The Imperial College in London is right on the Circle Line a tube route that, as the name implies, is a circle around Central London and Westminster. I studied at Imperial College for a quarter, and after school would take the reading assignment or a newspaper and sit for a while, and when I came to a good stopping point in the reading would get off the train and explore whatever part of the city was around the next stop. I still remember a chip shop where one of the locals I talked to complained that you have to bring your own vinegar because they don’t provide it in this part of town anymore and some gloriously spicy Indian food.
Well today, on the first day of light rail service, I went out and explored Othello, a neighborhood that previously might have been Mars for how infrequently I got down there.
The station is great. Beautiful itself and right across from King Plaza, a two story strip mall that was doing a brisk business on this weekend day. Beyond that, past a couple blocks of London plane trees was a very nice little park (I’m not sure it was a city park; I didn’t notice any signage), a perfect place to sit under a gigantic willow and read with a scent of lavender planted nearby mingled with that of some burgers a family was grilling.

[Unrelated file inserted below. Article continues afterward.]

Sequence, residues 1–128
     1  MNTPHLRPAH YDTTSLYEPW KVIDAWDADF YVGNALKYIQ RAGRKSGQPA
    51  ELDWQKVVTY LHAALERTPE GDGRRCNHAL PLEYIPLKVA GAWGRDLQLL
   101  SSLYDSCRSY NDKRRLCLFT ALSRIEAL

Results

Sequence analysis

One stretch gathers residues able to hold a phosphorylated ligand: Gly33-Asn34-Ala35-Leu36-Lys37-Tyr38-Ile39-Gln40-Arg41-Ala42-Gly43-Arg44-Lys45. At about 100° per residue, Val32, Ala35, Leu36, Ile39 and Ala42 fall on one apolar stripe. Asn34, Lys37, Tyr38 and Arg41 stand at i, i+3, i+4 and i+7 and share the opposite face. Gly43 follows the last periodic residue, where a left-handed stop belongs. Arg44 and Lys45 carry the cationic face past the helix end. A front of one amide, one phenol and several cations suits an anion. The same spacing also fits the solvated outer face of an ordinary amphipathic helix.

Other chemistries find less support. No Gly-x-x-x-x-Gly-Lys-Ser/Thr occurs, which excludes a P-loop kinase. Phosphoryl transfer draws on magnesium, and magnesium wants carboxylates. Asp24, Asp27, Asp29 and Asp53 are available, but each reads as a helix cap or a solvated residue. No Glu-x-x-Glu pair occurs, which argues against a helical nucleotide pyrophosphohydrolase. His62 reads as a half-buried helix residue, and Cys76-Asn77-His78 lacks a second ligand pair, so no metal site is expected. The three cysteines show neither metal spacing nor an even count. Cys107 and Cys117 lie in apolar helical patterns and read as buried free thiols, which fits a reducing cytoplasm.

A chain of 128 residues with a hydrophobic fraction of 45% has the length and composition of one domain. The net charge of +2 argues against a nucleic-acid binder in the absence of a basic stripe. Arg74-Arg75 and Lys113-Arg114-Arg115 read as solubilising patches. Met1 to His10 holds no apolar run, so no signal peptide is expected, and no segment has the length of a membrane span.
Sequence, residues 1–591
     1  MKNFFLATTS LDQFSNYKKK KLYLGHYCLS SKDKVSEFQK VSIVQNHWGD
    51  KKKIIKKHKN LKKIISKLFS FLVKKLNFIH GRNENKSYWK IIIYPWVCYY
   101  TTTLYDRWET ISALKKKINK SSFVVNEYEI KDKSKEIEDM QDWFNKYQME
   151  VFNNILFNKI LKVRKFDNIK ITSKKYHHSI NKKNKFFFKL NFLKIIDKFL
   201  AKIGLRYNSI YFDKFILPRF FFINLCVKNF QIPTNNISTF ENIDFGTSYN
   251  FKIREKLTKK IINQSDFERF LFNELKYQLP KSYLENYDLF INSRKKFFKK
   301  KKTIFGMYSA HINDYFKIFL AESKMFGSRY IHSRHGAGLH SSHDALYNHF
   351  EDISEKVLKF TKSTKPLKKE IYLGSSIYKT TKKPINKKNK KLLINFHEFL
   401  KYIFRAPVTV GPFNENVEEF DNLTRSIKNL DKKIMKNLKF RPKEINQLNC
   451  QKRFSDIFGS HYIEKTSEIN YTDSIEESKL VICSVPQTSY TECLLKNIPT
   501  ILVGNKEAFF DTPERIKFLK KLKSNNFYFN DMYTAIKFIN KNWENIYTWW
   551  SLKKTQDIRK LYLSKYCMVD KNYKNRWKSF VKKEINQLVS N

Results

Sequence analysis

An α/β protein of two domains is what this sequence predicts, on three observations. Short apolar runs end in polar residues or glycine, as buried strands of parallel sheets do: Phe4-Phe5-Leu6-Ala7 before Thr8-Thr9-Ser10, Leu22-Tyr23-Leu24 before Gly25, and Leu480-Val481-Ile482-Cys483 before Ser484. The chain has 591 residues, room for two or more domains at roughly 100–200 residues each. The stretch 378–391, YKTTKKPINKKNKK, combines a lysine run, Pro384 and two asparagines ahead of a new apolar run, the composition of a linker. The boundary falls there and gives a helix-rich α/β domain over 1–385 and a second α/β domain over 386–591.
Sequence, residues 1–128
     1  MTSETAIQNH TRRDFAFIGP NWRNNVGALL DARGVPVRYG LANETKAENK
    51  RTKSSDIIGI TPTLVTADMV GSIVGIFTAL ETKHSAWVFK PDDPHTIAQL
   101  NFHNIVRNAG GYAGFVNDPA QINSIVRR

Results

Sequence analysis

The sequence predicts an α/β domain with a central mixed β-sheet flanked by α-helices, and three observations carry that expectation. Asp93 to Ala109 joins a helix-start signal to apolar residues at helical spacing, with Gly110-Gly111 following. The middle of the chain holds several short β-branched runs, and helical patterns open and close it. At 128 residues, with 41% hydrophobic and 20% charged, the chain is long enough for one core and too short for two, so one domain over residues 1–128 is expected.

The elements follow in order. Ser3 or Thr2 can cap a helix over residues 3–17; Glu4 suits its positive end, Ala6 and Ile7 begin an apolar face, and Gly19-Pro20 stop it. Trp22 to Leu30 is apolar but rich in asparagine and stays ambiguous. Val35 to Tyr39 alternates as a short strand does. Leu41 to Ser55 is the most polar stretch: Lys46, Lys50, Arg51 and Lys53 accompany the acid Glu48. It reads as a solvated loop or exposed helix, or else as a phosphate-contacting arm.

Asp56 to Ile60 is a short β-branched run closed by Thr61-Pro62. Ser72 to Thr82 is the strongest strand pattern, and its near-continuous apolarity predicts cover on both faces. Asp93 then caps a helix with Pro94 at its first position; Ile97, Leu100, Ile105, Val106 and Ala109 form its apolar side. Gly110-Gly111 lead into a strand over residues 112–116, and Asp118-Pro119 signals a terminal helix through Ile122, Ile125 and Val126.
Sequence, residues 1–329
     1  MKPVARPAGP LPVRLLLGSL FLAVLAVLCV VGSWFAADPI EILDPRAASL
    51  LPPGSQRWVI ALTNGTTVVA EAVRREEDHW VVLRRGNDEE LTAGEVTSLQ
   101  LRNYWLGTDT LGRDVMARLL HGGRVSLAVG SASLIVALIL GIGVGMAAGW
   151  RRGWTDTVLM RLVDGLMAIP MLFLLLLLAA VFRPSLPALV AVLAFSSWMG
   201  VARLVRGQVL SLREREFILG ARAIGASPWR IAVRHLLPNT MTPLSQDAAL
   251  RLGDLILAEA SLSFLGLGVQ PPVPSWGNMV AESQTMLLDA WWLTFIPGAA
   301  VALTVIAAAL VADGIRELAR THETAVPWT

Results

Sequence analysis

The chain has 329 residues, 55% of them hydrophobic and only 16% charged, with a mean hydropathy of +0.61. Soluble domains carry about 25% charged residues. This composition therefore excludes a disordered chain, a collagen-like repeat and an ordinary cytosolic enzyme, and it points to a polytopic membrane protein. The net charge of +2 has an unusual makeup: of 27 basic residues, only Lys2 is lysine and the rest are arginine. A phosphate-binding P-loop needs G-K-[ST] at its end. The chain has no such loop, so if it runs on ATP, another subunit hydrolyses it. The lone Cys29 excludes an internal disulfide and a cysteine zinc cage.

I walked back to, and then down MLK, parallel to the tracks. A few businesses that may benefit from having light rail eventually were pretty empty when I looked into the windows. I stopped in and had a late lunch at a Thai place a few blocks from the station. It was empty except for me at about 2:30, and a bit fuller when I left, but hopefully it and places like it will get more business as people see what’s out from the stations.
After lunch back at the station, Sound Transit did a great job with a little fair. There was music and some booths. I got my undriver’s license and took in some music, and then back home to downtown.
The line wasn’t as bad as I had feared but it was about a half hour before the ST people let me on a train (going there from University Street Station there was almost no line at all).
The point of this (admittedly overindulgent) post is that light rail opens up a piece of the city for those of us without roots there and who make most of our trips without a car. Sure, this is something I could do yesterday if I’d wanted to. But it’s much easier to just get on a train than it is to figure out the bus schedule or to find parking if I’d wanted to drive. And I know exactly how to get home: hop on one of the trains that come every few minutes.
In the coming weeks, I hope to explore other neighborhoods that I normally wouldn’t get to. I’ll probably wander around another station tomorrow. Perhaps after work some time before it starts getting dark early, I’ll take a bike to one of the stations and ride it home. Given that the trains were stuffed, I doubt I’ll be the only one.